About a week ago, a communications student here at VT contacted me after finding this blog and wanted to write her final article about us for her media class. I was thrilled.
For us, we get exposure that we didn't even solicit. For Lindsey, she gets to write an article about something she is passionate about.
Doesn't get much better than that, folks.
Below is the article she wrote about us. Would you please pray that perhaps this turns into something bigger? That local newspapers or television stations become interested? I know God can take our two fishes and 5 loaves of bread and multiply them. Please join me in praying for Him to multiply this exposure. The more people know about Riley's story, the better...not only for him but for the hundreds of other children like him.
Written By Lindsey Peters.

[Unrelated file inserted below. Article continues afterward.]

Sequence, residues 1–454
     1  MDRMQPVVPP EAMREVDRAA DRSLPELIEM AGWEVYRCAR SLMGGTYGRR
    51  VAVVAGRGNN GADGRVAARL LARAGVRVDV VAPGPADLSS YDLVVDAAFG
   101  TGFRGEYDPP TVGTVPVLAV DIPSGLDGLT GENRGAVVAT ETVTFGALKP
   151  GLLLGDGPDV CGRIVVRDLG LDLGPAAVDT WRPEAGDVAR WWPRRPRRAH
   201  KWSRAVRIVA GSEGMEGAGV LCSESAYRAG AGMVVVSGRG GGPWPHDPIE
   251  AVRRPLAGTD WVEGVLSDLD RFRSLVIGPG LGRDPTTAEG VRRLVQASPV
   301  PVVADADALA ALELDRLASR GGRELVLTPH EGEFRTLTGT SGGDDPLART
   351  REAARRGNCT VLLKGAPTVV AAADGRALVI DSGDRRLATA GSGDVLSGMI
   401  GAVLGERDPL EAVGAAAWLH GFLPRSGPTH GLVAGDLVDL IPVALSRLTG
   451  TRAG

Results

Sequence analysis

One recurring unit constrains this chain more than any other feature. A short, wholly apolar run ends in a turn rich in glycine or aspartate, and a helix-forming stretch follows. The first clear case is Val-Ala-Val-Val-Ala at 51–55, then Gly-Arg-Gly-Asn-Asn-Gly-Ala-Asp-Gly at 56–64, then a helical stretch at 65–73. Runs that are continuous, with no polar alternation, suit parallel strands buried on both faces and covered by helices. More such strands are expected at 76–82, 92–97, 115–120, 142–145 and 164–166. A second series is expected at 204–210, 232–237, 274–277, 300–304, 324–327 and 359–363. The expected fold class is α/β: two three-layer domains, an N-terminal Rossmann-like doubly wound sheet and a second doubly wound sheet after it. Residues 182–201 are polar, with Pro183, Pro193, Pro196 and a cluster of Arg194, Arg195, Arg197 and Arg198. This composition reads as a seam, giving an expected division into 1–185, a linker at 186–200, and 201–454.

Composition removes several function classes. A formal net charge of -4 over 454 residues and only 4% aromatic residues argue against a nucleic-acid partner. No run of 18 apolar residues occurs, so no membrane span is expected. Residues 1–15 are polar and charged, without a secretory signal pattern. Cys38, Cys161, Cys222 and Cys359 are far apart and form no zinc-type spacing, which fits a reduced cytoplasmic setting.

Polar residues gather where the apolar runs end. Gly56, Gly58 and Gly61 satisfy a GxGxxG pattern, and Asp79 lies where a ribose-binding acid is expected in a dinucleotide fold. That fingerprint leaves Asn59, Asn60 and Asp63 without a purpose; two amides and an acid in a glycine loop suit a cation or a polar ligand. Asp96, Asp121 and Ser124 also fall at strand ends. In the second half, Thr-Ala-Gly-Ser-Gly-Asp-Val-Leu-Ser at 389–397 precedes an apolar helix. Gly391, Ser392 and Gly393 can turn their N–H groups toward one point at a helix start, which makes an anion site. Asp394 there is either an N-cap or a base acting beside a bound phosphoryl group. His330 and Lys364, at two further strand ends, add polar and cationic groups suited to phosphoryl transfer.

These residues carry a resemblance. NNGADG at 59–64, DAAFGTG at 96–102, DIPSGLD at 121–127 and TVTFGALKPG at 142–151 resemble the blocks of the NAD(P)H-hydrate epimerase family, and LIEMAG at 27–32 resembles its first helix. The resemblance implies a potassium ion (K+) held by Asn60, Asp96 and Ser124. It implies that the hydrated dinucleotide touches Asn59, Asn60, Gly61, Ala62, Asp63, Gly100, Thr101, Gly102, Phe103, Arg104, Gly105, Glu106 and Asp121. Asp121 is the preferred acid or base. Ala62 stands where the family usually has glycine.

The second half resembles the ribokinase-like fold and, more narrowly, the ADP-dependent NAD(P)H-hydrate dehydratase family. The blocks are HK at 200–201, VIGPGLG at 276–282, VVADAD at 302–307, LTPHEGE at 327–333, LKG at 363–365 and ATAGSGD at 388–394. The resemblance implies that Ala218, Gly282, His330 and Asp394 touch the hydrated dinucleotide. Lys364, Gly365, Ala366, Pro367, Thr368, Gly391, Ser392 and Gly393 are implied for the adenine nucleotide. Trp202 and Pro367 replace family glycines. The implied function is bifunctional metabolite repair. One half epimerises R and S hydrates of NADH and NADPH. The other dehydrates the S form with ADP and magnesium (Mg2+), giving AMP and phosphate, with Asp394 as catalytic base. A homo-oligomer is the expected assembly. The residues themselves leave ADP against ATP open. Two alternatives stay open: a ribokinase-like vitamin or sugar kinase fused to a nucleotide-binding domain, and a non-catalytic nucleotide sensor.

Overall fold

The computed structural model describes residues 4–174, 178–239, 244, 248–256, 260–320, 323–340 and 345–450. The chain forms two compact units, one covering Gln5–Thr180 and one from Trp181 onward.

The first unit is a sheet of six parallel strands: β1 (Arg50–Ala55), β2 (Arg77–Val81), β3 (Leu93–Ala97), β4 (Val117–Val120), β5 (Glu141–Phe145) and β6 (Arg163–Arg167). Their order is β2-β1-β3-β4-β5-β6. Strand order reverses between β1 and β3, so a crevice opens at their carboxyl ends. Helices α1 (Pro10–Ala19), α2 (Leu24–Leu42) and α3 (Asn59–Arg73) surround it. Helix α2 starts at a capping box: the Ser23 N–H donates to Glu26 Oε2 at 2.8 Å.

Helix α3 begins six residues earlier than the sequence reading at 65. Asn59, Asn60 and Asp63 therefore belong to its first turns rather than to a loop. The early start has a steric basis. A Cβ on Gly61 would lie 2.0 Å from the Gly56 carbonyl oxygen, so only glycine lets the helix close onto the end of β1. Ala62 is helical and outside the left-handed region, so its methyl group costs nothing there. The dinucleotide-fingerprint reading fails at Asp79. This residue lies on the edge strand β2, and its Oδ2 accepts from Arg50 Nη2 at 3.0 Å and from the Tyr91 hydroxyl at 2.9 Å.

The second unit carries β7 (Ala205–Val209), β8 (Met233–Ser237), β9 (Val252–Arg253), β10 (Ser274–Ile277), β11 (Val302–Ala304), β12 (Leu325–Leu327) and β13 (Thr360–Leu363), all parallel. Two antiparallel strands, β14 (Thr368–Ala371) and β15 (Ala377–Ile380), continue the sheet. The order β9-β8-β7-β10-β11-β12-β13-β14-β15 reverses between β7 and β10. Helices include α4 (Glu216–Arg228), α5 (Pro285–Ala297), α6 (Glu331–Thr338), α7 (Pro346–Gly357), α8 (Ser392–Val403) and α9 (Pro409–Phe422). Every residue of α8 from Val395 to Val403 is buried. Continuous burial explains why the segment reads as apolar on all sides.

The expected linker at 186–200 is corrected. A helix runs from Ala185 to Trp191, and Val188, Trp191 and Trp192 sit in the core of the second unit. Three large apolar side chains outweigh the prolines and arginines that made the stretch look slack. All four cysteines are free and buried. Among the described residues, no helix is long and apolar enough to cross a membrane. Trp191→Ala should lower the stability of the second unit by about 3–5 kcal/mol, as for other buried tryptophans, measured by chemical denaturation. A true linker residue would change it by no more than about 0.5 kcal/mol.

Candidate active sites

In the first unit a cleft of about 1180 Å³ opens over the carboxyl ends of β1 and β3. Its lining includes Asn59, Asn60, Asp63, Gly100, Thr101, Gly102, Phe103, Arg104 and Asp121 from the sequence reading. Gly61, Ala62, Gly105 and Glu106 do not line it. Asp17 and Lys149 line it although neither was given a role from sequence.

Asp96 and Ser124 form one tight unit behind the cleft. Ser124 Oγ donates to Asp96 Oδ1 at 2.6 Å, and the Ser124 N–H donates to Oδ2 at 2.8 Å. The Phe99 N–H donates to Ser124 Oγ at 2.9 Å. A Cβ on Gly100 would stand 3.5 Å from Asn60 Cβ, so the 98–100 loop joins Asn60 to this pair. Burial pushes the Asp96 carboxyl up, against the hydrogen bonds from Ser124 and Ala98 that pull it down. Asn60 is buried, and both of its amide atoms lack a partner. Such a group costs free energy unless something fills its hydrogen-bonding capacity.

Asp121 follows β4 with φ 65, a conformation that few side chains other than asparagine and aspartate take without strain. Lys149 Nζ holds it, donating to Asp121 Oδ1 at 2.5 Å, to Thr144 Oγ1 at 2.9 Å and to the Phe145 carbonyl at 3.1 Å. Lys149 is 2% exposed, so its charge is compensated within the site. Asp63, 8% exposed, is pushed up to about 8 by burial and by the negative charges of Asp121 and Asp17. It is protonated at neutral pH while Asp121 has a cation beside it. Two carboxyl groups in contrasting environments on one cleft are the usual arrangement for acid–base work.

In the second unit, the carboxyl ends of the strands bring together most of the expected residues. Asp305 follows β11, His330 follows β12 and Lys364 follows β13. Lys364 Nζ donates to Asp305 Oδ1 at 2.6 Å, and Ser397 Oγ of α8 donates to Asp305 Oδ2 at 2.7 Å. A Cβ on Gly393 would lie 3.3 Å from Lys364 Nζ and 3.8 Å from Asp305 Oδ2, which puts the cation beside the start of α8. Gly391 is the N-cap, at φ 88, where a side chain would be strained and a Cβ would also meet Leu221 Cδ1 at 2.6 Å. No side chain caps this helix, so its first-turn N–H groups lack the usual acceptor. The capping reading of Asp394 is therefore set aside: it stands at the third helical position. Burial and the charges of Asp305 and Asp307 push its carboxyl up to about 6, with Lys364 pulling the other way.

A Blacksburg couple is hoping to give an Eastern European orphan something of his very own: a family.What Jessica St. Clair and her husband, Rob, are working around the clock to give to a two-year old boy named Riley.Riley was born with mild cerebral palsy and is HIV positive.Adoption was something they discussed before getting married in 2008, it was just something they thought would happen after children of their own and never of a child with special needs.That all changed during a summer mission trip to an orphanage where Jessica worked with kids ages zero to five and fell in love with a little girl.“I had a feeling before I went that I would want to bring home a kid,” St. Clair said. “I fell in love with a little girl named Vika and started working towards her adoption. When we found out we couldn’t adopt her right away, it led me to Reece’s Rainbow where I came upon Riley’s picture.”Reece’s Rainbow is a website that promotes the adoption of children with Down syndrome and other special needs around the world and was started in 2004 by Andrea Roberts.While looking through the website “I was instantly drawn to children who were HIV positive and felt it was something I could handle,” St. Clair said. “I saw Riley’s picture and kept coming back to him and it became an obsessive state. I told my husband about him, he freaked out about the HIV, and so we prayed about it, and then we decided to commit to Riley.”Deciding to become Riley’s parents was the easy part but getting him to the United States is the real struggle.“We are trying to raise $27, 000 to get Riley here,” St. Clair said. “We have already paid $5,000 of our own money but are hoping we can raise the rest.”The St. Clair’s started to help with “funding, awareness, and to document the journey for others to see.”The website has a place for people to click and donate money through pay pal as well as through a coffee fundraiser called “Just Love Coffee” where $5 from every purchase will go to the St. Clair’s for Riley’s adoption.“We are also asking for donations and trying to get the word out as much as possible,” St. Clair said, “As well as applying for grants from local companies.”Riley turned two Friday and though he wasn’t with them, the St. Clair’s held a special birthday fundraising party for him at their church, New Life Christian Fellowship, in Blacksburg.“We had a cake and blew out candles,” St. Clair said. “It was a celebration, welcoming him into the church family.”The St. Clair’s do have a few back-up plans for the money situation. “We can probably get a loan or dip into our savings,” St. Clair said. “Neither option is very desirable but we could do it if need be. The hope is that there won’t be a need.”Financial issues aside there is still the issue of physically getting Riley to Blacksburg.“Riley’s country's government stops accepting Dossier’s, official translated applications, in November and won’t start accepting it again until at least February,” St. Clair said. “Once it is submitted it can take one to three months before it is approved and you can travel.”Luckily for 27-year-old Jessica she is finishing up her PhD in math at Virginia Tech this spring and can’t travel until that’s done in May which is about the time they should be approved.Once they are in the country the couple has to stay there for six weeks.“The first ten days both parents have to go to court, meet the child, do paperwork and go through a three-week waiting period,” St. Clair said. “The waiting period gives the family time to spend with the child and bond or change their mind. It is also a chance for relatives to come out of the wood work and protest the adoption.”“After the waiting period there is another court date to finalize the adoption and then the next two weeks are spent getting the child ready to come to the United States,” St. Clair said.Besides spending time and money to adopt there is also tons of paperwork, home studies, and online coursework that must be completed.Jessica said this process is “like a part-time job” spending up to twenty hours a week on it.“A lot of adoptive families refer to the process as a paper pregnancy because the whole thing can take up to ninth months and unfortunately nothing is definite until the adoption is final in court,” St. Clair said.Adopting is a long and expensive process and “not for the faint of heart.”“We just feel that he is meant to be our son and we will do what we have to do. Without adoption he has no future. In Riley's country there is no place in society for these kids,” St. Clair said. “When kids with disabilities are born Dr’s tell the parents they’re going to die and to put them in orphanages.”Once Riley is with the St. Clair’s in Blacksburg Jessica will stay home with him for the first year to help him adjust.“He will need physical therapy for his cerebral palsy and daily medications for his HIV,” St. Clair said.Though the St. Clair’s have really good insurance to cover most of Riley’s needs, they will “keep the coffee fundraiser open indefinitely for those who want to continue their financial help.”The St. Clair’s are aware that their adoption journey is far from over and that they are a long way off from their financial goal but they continue to keep their faith and trust that God will provide for all their needs.Luckily the St. Clair’s have not experienced direct negativity about their choice to adopt an HIV positive child and that “when people and family members do have concerns its more about educating them.”“You stop seeing the disability and start seeing the person,” St. Clair said.Jessica and Rob hope to be traveling back to Blacksburg in July with Riley as their son.For additional information about the St. Clair’s, Riley, Vika, Reece’s Rainbow or to make a donation go to or .